Incentive Plans That Drive Accountability
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Incentive Plans That Drive Accountability

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Presentation given by Warren Dietel, President/Owner of Puff 'n Stuff Catering & Events, at The Special Event conference on January 25, 2011.

Presentation given by Warren Dietel, President/Owner of Puff 'n Stuff Catering & Events, at The Special Event conference on January 25, 2011.

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  • Old infrastructure barely accommodated 1.8 million in sales (pull up old puff floor plan – need to find)Inefficient space and poor equipment Progress energy debacle Close off dates
  • *format link
  • ADD PICS FROM WEBSITE
  • ADD GRAPHIC
  • Move higher in the flow
  • Add’l for sales
  • Define “where can I be successful?” creates protection for existing, and opportunity for newcomers
  • Theme different department slides – bground colors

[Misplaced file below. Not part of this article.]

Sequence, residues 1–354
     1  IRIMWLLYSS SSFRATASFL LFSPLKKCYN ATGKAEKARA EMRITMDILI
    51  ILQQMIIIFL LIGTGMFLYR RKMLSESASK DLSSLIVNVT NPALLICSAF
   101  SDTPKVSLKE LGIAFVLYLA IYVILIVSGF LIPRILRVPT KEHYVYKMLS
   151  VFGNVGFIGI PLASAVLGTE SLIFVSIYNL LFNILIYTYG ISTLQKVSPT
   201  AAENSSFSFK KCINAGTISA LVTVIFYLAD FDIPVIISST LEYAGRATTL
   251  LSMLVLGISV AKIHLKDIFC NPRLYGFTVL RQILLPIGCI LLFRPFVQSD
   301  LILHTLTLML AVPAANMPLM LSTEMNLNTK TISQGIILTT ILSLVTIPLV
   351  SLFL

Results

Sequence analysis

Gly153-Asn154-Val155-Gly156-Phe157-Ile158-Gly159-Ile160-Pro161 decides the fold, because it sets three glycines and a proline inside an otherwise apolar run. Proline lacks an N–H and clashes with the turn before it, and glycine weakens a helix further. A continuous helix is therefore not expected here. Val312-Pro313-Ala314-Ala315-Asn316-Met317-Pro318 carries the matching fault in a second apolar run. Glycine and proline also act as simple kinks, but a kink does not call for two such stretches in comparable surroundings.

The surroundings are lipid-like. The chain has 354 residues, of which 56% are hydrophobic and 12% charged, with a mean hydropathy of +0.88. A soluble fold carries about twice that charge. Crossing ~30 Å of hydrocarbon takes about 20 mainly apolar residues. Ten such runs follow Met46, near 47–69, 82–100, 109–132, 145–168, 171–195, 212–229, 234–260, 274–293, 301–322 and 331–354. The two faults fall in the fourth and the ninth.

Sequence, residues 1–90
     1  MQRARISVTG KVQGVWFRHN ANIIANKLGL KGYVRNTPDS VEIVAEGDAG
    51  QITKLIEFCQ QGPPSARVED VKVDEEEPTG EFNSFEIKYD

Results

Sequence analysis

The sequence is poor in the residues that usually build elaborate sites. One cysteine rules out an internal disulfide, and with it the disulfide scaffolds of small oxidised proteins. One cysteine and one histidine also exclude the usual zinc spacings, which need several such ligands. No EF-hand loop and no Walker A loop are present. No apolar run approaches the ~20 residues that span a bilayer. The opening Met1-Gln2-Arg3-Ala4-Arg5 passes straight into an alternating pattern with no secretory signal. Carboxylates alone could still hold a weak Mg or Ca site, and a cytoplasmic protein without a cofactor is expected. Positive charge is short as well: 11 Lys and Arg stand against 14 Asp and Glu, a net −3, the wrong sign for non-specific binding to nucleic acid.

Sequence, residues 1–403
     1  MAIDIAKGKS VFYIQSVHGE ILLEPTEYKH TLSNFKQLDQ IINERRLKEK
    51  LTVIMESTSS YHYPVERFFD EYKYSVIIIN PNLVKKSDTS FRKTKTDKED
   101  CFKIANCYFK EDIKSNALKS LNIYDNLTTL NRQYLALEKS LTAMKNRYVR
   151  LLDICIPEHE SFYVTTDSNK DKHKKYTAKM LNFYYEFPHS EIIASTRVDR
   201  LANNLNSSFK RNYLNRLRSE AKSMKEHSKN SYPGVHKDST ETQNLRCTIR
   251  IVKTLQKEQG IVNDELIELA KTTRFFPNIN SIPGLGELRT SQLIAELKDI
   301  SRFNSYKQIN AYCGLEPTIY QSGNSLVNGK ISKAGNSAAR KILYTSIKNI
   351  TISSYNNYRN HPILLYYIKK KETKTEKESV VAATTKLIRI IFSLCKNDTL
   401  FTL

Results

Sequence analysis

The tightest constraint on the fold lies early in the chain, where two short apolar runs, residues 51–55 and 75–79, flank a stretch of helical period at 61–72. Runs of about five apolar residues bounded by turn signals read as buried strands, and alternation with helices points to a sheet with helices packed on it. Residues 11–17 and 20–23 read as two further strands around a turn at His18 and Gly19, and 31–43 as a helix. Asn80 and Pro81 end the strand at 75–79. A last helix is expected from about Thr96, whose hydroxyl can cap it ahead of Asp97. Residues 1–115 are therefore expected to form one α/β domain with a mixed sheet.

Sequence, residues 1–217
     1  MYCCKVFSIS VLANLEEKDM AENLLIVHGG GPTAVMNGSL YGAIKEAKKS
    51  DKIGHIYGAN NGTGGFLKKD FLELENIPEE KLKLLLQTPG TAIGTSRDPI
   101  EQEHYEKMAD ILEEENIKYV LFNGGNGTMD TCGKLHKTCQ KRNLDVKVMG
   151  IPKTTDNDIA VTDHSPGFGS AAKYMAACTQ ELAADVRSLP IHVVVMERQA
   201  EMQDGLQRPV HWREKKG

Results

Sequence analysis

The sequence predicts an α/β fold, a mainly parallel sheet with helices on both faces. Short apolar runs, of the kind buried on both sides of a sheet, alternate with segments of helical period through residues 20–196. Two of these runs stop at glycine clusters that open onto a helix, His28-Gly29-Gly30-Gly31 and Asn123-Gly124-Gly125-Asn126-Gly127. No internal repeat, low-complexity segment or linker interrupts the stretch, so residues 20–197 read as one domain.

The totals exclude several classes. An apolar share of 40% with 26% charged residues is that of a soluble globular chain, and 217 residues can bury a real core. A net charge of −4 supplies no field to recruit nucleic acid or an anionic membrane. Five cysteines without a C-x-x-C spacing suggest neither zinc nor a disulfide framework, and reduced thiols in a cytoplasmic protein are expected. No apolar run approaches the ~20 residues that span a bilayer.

Incentive Plans That Drive Accountability Incentive Plans That Drive Accountability Presentation Transcript

  • Incentive Plans That Drive AccountabilityPresented by: Warren Dietel
  • About the Speaker
    Family business began in Trinidad as pastry shop
    Entrepreneurial from the start
    Professional Experience
    Car Detailing, Puff ‘n Stuff Catering, Disney Weddings, Disney Institute, Scott Kay, back Home!
    Industry Involvement
    ICA Board Member, Regular Speaker for Catersource, The Special Event, and NACE
    What drives me
  • The Puff Story
    Opened in Central Florida in 1980 as a family-owned business
    Purchased in 2003, annual sales of $1.8 million, at operational limit
    Antiquated infrastructure with inefficient space & poor equipment
    Tremendous potential + aggressive growth plan = 267% growth in 3 years
  • It’s all about People & Culture
    40+ Full-Time Team Members and 200+ On-Call
    Diversified business segments and multiple markets
    “When employees think, act and feel like owners… everybody wins.” - Jack Stack
  • Build a culture of employee engagement
    Acknowledgment of individual contributions
    Trained leadership delivers supportive feedback
    Collaborative working relationships
    Empowerment that promotes success
    Expectations that set clear challenging and attainable performance goals
    Show you/the company cares
    Trust and get out of the way